Malta is the largest island from a group of seven islands in the Mediterranean Sea. Only the three largest islands: Malta, Gozo and Comino are inhabited. The terrain is low and rocky with coastal cliffs.
The Maltese archipelago is situated 93 km south of Sicily and 288 km north-east of Tunisia, with Gibraltar 1,826 km to the west and Alexandria 1,510 km to the east with a total population of 400,000 inhabitants over an area of 316sq km and a coastline of 196.8km (not including 56.01 km for the island of Gozo). This makes it one of Europe’ssmallest and one of Europe’s most densely populated countries.
This country is a melting pot of civilisations with a history stretching back thousands of years, and it has been inhabited since around 5200 BC. A significant prehistoric civilisation existed on the islands prior to the arrival of the Phoenicians who named the main island Malat, meaning safe haven. Later the islands were for centuries the seat of the Order of Knights of the Hospital of St John and then part of the British Empire. Malta became independent in 1964.
The national language is Maltese, which is part of the Semitic language family that includes Arabic. English is also recognised as an official language, and many Maltese also speak Italian fluently.
Malta has a typical Mediterranean climate. The summers are hot, dry, and very sunny whilst the winters are mild and a little rainy. During May to October temperatures average around 32°C (90F) with around 10-11 hours of sunshine average per day. Between November and April temperatures average around 14°C (57F) but still with an average of 6.5 hours of sunshine each day. Annual rainfall in Malta is low, averaging 578mm a year, and during the summer months there can be very long dry spells without a drop of rain. Swimming is possible all year round (for the hardier people) with the sea temperature rarely dropping below 15°C (59F) and reaching as high as 26°C (79F).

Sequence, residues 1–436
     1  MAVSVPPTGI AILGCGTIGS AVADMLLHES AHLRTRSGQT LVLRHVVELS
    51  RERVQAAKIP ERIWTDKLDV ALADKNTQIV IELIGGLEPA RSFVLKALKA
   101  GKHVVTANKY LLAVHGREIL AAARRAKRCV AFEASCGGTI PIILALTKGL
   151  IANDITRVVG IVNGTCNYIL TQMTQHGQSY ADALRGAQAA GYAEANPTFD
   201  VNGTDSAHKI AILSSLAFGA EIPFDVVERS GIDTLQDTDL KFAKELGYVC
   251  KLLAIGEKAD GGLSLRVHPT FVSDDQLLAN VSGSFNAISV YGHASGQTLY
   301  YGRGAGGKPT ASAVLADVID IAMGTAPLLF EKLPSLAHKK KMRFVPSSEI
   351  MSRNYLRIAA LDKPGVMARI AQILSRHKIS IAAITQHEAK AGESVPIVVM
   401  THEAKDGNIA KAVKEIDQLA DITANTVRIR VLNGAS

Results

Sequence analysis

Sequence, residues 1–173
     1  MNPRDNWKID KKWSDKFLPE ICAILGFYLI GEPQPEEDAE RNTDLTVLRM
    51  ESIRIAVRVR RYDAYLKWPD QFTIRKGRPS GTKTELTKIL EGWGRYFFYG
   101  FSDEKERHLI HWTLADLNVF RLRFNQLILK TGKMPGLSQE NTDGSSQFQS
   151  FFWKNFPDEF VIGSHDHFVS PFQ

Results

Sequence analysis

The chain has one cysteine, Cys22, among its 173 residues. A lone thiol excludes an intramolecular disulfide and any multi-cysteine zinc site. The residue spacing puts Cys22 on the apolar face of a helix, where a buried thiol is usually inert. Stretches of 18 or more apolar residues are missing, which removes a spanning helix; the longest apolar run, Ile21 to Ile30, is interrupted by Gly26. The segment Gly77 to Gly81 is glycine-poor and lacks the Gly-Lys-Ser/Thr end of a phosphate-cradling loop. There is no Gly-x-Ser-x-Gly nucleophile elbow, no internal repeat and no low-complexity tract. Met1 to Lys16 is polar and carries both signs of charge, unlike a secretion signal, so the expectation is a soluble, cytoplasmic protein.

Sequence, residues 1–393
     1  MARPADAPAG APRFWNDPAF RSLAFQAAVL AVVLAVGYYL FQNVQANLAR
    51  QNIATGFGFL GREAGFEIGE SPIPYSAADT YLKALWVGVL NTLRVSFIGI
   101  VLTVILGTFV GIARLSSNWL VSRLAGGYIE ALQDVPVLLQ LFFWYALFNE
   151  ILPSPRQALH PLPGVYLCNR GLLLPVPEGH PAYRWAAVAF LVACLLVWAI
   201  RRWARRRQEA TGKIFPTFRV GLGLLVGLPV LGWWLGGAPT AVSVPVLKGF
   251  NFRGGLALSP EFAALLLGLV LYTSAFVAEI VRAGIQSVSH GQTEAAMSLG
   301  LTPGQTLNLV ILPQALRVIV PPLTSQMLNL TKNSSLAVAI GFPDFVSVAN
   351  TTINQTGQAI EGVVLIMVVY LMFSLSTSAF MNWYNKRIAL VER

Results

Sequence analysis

Malta became an EU member state on the 1st May, 2004, and it is well placed to reap the benefits of EU accession. For this reason, it has recently embarked on a path of rapid growth. The island’s human capital and geographical location place it in a favourable position in this regard. At present Malta is working on an advanced system of e-government aimed at creating the first e-government state supported by a fully digital telecommunications network. Corporate law in Malta is in full conformity with European requirements; accounting and auditing standards are based on International Accounting Standards.
In June 2000, Malta was amongst a group of six offshore tax haven countries, which agreed to revise banking practices in line with OECD guidelines. Law of commerce has civil law foundations, but is also closely related to the UK model. The jurisdiction has high anti-money laundering standards and a comprehensive framework for financial services regulated by the Malta Financial Services Authority. There are also strong professional secrecy and confidentially laws.